THIS STORY HAS BEEN FORMATTED FOR EASY PRINTING
ED REFORM’S FIRST STEPS

Progress underestimated

May 12, 2011

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THE GLOBE is right to promote innovative education models available under the new Patrick administration-led education law. Indeed, I welcome the Globe’s echo of our challenge to school district leaders to out-innovate the competition (“Ed reform sparks turnarounds, but few innovations in year one,’’ May 9). However, you underestimate the Commonwealth’s first- year progress, especially when judged by the standards of Massachusetts charter schools, cousins of the new, in-district innovation schools.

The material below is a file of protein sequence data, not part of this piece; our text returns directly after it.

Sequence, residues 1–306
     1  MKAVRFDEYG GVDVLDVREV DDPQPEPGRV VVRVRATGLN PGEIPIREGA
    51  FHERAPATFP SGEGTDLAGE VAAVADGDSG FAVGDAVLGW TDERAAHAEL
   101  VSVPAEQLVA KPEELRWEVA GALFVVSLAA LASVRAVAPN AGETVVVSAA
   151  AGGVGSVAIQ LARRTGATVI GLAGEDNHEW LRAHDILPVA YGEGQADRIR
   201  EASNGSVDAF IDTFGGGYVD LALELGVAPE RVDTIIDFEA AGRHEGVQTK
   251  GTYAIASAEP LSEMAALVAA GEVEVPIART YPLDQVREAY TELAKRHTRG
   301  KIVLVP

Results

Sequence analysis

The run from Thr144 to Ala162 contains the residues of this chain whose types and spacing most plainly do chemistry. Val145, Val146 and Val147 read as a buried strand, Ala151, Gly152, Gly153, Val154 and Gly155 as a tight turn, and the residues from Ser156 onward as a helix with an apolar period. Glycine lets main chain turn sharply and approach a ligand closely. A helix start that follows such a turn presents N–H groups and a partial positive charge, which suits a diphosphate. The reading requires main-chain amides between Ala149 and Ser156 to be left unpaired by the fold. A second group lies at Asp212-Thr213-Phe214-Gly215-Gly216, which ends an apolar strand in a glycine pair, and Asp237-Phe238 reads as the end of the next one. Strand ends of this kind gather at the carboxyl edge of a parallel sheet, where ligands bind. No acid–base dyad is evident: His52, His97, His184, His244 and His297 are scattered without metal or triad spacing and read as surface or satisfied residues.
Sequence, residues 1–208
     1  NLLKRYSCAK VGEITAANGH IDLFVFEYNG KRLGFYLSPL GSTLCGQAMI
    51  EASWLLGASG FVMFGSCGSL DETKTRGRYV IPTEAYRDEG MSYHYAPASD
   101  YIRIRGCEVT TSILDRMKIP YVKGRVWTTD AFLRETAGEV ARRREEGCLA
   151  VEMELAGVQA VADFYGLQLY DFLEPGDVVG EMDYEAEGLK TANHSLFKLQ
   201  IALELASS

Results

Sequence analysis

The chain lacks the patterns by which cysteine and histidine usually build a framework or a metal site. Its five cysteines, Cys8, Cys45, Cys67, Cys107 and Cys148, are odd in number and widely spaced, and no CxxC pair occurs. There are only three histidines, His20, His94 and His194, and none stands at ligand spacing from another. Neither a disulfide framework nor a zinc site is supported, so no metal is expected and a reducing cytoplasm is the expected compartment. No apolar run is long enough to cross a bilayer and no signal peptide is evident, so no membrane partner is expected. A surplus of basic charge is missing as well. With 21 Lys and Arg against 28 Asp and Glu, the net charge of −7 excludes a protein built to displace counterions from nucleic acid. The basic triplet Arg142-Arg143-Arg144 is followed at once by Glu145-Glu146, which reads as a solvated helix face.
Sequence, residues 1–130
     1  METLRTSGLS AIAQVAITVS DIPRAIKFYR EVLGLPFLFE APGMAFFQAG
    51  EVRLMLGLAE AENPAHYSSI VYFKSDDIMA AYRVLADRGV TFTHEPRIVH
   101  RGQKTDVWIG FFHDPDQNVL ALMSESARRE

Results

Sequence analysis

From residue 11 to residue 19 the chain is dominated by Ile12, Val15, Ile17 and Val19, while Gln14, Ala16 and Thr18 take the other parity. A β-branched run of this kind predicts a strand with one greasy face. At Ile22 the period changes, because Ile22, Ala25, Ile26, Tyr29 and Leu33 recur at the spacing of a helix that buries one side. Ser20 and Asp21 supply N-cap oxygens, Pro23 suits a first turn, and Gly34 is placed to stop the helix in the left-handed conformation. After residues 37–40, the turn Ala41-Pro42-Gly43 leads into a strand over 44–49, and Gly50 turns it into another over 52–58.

Once created by law, it took two years for the first charter school to operate in Massachusetts. By comparison, two innovation schools opened within nine months of Governor Patrick’s authorization of the new law, and an additional 28 innovation schools have been proposed in less than a year and a half of the law’s existence.

The fact that this volume of activity is both historically substantial and yet just scrapes the surface of what the law is capable of demonstrates the awesome statewide potential of the innovation school model. A more accurate evaluation of year one would say, “Good start for innovation, but don’t let up.’’

Paul Reville
Secretary of education
Commonwealth of Massachusetts
Boston